Wednesday, November 30, 2005

Paris Music Hall Costume Sketches

Selections from the Paris Music Hall Collection at University of Georgia Libraries, Hargrett Library. These are original sketches. Meeooow!
Addit: Hm. These look familiar. I don't think I've posted them or this site before.

Christmas Ornaments 2

Christmas Ornaments 2, White House photo by Susan Sterner.Christmas Ornaments 2, White House photo by Susan Sterner. Over 350 instrument ornaments hang on the 2004 Blue Room Christmas tree along with almost 400 Christmas balls.
Works by the U. S. Government are not eligible for U. S. copyright protection. Photographs in this collection were taken by photographers working for the U.S. Government.

Generally speaking, works created by U.S. Government employees are not eligible for copyright protection in the United States. See Circular 1 "COPYRIGHT BASICS" from the U.S. Copyright Office.

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Celtic Dreaming

I wish I could say that I have a link to more of these 1857 lithographs by Henry O'Neill from his book, Illustrations of Some of the Most Interesting Sculptured Crosses of Ancient Ireland, alas ... but they come from this celtarts site which has a little bit more information (and larger images).

Are you reading this, Santa?

TI list member and good buddy René Milot alerted me to the current auction at The Illustration House. This because René likes to imagine me curled in the fetal position, shaking and sweating all over and muttering, "my precious" as I click through image after image of unatainable original art. Thanks buddy!

Anyway, in case Santa is reading this, hey Big Guy? Two words: "Lot 75".

What more can I say...

that hasn't been said better or more thoroughly elsewhere? Only that once again we can see why Al Parker (1906-1985) was called "the illustrator of our times" by Cosmopolitan magazine in 1953.

You can find a biography of Al Parker here and of course many other examples of Parker's work on my site.

The Orchid Scrapbooks of John Day

In victorian times, as the exotic parts of the world were being explored, orchids became incredibly popular as an emblem of a tropical paradise. There was something particularly romantic about the often arduous collection expeditions and warm faraway climes and inherent beauty of the flowers that ignited the passions of enthusiastic collectors.

John Day (1824-1888) was one of those ardent admirers and spent about 40 years cultivating them in his own glasshouses and searching them out on expeditions. He introduced many species into Britain for the first time (and many are named after him or in his honour). But Day is best remembered for the 53 scrapbooks containing about 3000 watercolour paintings of the objects of his passion. The illustrations were often accompanied by descriptive text from a botanical professor friend.

The Romance of Orchid Discovery: The John Day Scrapbooks at the Royal Botanic Gardens, Kew.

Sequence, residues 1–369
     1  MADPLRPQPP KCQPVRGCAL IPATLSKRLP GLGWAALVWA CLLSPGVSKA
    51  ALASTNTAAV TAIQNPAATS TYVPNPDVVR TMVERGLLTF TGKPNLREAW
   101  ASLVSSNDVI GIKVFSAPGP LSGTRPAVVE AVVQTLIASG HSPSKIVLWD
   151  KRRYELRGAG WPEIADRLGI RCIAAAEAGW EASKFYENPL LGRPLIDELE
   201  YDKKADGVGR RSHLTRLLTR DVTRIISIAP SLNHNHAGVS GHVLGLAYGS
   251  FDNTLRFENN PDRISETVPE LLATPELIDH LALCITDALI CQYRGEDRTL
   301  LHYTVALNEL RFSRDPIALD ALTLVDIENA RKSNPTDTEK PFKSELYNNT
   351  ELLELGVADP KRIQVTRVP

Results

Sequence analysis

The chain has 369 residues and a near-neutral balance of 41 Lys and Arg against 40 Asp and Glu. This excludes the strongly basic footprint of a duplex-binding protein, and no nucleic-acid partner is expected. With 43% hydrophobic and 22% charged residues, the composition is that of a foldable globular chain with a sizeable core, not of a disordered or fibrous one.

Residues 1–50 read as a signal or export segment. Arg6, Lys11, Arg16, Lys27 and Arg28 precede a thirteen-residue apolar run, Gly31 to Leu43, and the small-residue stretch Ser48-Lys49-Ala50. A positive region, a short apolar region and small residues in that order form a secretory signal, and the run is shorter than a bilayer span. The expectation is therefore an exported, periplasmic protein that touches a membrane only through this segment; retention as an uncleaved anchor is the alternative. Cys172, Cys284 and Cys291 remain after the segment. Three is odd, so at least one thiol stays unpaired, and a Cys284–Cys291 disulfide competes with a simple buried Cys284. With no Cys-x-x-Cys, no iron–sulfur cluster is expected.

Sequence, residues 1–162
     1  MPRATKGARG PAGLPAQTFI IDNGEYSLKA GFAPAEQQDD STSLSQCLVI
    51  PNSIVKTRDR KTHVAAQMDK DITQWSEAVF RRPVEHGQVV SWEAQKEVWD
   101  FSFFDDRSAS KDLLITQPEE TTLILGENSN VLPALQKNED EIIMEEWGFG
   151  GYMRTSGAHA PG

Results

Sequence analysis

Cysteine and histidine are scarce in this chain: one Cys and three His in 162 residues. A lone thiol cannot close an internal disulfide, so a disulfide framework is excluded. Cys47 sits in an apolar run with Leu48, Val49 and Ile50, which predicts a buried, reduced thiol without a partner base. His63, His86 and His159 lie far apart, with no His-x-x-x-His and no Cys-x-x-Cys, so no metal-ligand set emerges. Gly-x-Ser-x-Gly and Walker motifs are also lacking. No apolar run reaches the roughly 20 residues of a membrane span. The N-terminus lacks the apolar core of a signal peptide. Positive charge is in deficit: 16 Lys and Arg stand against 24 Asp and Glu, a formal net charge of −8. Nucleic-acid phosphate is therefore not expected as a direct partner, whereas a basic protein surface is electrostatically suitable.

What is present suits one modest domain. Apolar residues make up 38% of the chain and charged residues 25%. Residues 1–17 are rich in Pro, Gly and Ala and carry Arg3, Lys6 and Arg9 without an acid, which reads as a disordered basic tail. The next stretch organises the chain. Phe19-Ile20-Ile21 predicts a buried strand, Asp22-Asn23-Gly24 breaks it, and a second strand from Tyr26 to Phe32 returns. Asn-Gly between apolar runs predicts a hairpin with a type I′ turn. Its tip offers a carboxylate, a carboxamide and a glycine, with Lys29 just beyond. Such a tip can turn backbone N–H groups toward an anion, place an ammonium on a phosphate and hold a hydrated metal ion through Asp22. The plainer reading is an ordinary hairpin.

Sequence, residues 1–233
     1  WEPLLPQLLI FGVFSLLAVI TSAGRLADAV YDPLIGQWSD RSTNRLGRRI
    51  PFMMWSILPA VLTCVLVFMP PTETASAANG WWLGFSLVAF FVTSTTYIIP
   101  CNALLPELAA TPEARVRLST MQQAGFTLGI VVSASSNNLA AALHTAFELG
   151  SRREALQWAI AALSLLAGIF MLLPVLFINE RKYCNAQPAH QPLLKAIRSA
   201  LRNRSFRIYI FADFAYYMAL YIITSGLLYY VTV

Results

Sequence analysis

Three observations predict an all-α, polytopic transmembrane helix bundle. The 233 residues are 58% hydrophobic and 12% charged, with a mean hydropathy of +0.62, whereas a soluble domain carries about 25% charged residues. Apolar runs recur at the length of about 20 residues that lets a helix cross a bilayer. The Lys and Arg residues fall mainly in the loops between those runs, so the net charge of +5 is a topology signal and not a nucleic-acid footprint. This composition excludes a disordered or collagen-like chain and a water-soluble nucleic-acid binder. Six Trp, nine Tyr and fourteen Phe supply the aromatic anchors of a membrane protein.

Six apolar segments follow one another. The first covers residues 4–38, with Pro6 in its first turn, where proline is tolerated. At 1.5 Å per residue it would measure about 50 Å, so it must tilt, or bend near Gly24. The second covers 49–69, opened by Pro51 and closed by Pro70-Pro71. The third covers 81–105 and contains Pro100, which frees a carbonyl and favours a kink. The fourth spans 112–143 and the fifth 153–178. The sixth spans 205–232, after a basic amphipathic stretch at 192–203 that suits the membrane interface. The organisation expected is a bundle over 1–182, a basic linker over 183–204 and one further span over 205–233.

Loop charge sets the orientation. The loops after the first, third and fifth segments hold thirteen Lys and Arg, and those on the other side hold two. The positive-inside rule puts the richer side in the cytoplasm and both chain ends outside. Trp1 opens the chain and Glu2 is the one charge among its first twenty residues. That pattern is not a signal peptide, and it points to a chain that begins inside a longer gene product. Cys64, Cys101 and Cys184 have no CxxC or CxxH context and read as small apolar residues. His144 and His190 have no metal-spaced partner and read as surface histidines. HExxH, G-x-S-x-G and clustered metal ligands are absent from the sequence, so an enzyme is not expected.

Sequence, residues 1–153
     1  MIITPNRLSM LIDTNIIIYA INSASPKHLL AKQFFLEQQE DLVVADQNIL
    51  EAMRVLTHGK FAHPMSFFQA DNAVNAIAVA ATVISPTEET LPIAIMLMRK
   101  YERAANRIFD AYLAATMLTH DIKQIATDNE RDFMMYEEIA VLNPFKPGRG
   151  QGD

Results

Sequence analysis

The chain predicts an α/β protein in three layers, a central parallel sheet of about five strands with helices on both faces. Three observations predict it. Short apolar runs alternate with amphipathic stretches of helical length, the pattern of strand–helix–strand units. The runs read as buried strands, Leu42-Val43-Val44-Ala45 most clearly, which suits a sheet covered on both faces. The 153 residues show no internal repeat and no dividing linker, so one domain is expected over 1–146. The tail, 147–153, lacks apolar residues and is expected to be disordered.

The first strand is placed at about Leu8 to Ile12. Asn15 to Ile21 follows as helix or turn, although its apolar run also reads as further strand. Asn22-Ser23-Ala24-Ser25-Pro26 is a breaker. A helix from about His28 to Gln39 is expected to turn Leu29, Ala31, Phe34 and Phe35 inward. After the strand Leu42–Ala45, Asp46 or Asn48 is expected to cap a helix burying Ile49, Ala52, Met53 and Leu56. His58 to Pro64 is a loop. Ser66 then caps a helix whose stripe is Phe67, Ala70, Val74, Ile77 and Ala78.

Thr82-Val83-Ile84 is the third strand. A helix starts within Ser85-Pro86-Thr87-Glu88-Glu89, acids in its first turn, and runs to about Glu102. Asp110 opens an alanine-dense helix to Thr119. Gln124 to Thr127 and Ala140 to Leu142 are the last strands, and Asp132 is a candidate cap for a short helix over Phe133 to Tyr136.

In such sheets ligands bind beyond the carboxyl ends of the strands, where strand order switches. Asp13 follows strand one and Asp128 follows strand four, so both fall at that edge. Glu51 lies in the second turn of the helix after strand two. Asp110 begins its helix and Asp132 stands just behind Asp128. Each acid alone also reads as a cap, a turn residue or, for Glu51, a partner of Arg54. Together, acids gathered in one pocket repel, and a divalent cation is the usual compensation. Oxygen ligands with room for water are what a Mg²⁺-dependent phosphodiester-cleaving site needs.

Tuesday, November 29, 2005

Los Calaveras de Posada

José Guadalupe Posada (1852-1913) was a Mexican lithographer and engraver who produced some 20,000 illustrations during his life. He mostly worked out of a print shop in Mexico City where he engraved illustrations for newspapers but the majority of his work was published in the the broadsides of the pennypress, a favourite among the poorer people.

It is his satirical calaveras (colloquial for skeletons) that have achieved lasting fame. They have been adopted as a motif by (or indeed, arose from) the Mexican celebration - Día de los Muertos (Day of the Dead).

Just by the by, this festival derives from the ancient practises of the mesoamerican civilizations combined with the catholic All Saints Day and has no association with the more macabre Halloween. While the Posada images recall the 15th century european figures from Holbein in the Danse Macabre, I could find no evidence to suggest that this was a direct influence on Posada. The images here and the background to Día de los Muertos are certainly evidence for the calaveras being a generally 'happy' form of illustration.

Diego Rivera was a big fan of Posada and together with other art students, they would go to the print shop to collect the shaving from the Posada's engraving blocks. Rivera would immortalize Posada in the mural Sueño de una tarde dominical en la Alameda Central (Dream of a Sunday Afternoon in the Alameda).

It was the nature of the times in Mexico that critical publications were suppressed, which meant that the biting satire of illustrations such as those of Posada became all the more poignant. The political and social threads in the illustrations often require some local background however. Despite the important place Posada holds in the pantheon of Mexican (print) art, he was largely unknown and very poor at the time of his death - at the beginning of the Mexican revolution.
"Equilibrium and movement are the supreme qualities of Mexican
classic-that is, pre-Cortesian-art" says Diego Rivera when speaking of Posada.
"Another trait of Mexican classical art is its love of character."

Call Me Ishmael

But the world knew him (as I did until yesterday) as "Woodi". Woodi Ishmael (1914-) always signed his magazine and advertising work with his first name. I have no idea why, but that distinctive signature graced countless ads, usually for something mechanical or industrial. Ishmael clearly found his niche by specializing in machinery, though he was just as adept with the human form and natural environments.

A web search turned up this dense site of biographical info, art examples and even audio clip interviews all courtesy of the U.S. Airforce. It turns out Woodi really enjoyed painting airplanes, and Uncle Sam had plenty of work for him. Go check it out.

Monday, November 28, 2005

Severini Pochoir

Fleurs et Masque

Gino Severini pochoir prints from 1930 at La Biblioteca Nazionale Centrale di Firenze.